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Putin's People

How the KGB Took Back Russia and Then Took On the West

Catherine Belton


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ISBN10: 1250787327
ISBN13: 9781250787323

Trade Paperback

656 Pages



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Interference in American elections. The sponsorship of extremist politics in Europe. War in Ukraine. In recent years, Vladimir Putin’s Russia has waged a concerted campaign to expand its influence and undermine Western institutions. But how and why did all this come about, and who has orchestrated it?

In Putin’s People, the investigative journalist and former Moscow correspondent Catherine Belton reveals the untold story of how Vladimir Putin and the small group of KGB men surrounding him rose to power and looted their country. Delving deep into the workings of Putin’s Kremlin, Belton accesses key inside players to reveal how Putin replaced the freewheeling tycoons of the Yeltsin era with a new generation of loyal oligarchs, who in turn subverted Russia’s economy and legal system and extended the Kremlin's reach into the United States and Europe. The result is a chilling and revelatory exposé of the KGB’s revanche—a story that begins in the murk of the Soviet collapse, when networks of operatives were able to siphon billions of dollars out of state enterprises and move their spoils into the West. Putin and his allies subsequently completed the agenda, reasserting Russian power while taking control of the economy for themselves, suppressing independent voices, and launching covert influence operations abroad.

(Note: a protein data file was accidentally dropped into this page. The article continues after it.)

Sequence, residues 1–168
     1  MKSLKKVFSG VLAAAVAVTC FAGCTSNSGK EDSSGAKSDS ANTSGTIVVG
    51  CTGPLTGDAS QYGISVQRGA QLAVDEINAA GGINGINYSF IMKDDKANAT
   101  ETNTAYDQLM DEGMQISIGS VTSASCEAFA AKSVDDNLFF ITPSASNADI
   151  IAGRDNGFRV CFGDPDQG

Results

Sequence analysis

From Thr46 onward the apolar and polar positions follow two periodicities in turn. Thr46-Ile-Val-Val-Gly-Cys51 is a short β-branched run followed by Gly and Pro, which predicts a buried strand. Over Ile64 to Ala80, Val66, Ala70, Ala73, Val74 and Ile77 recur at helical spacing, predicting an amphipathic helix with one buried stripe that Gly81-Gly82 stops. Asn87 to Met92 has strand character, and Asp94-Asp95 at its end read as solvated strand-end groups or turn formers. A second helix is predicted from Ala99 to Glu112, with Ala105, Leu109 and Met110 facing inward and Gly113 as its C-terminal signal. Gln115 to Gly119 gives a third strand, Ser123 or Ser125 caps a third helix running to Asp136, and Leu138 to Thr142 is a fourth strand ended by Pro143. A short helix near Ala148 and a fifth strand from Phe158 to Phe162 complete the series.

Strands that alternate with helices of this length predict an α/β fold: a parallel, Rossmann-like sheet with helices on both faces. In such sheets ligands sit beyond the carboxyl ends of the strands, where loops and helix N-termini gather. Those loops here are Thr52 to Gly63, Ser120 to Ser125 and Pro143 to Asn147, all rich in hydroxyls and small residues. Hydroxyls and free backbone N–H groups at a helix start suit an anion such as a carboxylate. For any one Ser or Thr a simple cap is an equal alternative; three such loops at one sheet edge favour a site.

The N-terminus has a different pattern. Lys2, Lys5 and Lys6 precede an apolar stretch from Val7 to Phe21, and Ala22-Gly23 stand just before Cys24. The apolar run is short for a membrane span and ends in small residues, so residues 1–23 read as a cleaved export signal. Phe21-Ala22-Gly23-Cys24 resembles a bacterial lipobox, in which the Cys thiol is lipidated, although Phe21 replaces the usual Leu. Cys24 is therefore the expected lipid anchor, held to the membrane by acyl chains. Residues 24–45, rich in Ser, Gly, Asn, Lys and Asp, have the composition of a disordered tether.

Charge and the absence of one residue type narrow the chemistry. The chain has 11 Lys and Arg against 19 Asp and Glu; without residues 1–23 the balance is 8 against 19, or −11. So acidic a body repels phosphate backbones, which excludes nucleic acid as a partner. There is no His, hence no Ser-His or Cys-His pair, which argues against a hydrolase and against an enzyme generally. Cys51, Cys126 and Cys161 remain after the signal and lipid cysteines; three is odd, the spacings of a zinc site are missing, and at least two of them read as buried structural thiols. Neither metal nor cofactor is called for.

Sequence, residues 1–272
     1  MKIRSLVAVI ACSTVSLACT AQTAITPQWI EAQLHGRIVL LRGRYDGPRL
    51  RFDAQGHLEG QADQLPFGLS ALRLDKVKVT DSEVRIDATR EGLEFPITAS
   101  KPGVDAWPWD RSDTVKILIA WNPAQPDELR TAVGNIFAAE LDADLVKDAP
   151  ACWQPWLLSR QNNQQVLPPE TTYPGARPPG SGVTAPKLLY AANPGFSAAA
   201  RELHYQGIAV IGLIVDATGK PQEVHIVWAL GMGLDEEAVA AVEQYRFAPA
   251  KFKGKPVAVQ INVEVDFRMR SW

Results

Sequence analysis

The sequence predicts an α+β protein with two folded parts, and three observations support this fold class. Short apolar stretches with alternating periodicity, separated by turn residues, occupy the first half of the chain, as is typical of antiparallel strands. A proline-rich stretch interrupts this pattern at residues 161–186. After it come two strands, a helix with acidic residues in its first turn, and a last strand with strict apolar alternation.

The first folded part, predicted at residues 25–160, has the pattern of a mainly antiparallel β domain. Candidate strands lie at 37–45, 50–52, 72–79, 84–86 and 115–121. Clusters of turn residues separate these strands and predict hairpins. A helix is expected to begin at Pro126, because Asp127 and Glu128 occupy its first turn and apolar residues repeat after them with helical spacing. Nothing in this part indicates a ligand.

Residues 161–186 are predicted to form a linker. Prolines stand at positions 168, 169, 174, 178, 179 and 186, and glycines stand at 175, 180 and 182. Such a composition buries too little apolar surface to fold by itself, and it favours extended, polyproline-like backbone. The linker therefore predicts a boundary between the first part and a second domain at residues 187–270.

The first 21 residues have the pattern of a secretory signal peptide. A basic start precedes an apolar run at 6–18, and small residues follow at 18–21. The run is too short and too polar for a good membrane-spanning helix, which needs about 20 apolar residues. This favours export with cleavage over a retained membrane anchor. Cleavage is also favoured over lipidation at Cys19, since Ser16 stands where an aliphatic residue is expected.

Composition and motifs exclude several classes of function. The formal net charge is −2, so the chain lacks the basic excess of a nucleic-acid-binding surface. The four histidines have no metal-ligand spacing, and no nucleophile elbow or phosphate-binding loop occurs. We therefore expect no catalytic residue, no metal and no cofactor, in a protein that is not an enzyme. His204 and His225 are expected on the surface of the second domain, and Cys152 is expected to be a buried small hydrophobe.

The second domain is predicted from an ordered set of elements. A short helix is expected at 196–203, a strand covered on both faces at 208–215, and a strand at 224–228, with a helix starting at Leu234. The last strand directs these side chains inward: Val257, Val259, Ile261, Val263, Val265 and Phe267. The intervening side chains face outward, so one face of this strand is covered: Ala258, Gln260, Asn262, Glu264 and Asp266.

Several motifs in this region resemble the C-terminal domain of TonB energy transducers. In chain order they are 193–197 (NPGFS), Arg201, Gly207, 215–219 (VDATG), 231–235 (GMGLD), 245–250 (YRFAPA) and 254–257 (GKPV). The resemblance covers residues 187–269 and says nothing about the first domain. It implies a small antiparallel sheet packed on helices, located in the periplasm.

Ranging from Moscow and London to Switzerland and Brooklyn’s Brighton Beach—and assembling a colorful cast of characters to match—Putin’s People is the definitive account of how hopes for the new Russia went astray, with stark consequences for its inhabitants and, increasingly, the world.


Praise for Putin's People

"The cast of supporting characters in Catherine Belton’s study of the Russia of Vladimir Putin is extraordinary and worthy of a Netflix mini-series . . . This is modern Russia in full, horrifying technicolour. In Putin’s People, Belton, a former Financial Times Moscow correspondent, leaves no stone unturned in her exposition of how the Russian president and his ‘people’ dominate the largest country on Earth and how they have come to do so."—Peter Frankopan, Financial Times

"A fearless, fascinating account of the emergence of the Putin regime . . . [Belton] has an unrivalled command of the labyrinthine history of share schemes, refinancing packages, mergers, shell companies, and offshore accounts that lay bare the stealthy capture of the post-Soviet economy and state institutions by a coterie of former KGB officers . . . The result reads at times like a John le Carré novel . . . [Belton] gives a granular account of Putin’s early years as an agent in Dresden not simply as an ominous feature of his biography but as the seedbed of the regime over which he would preside . . . A groundbreaking and meticulously researched anatomy of the Putin regime, Belton’s book shines a light on the pernicious threats Russian money and influence now pose to the west."—Daniel Beer, The Guardian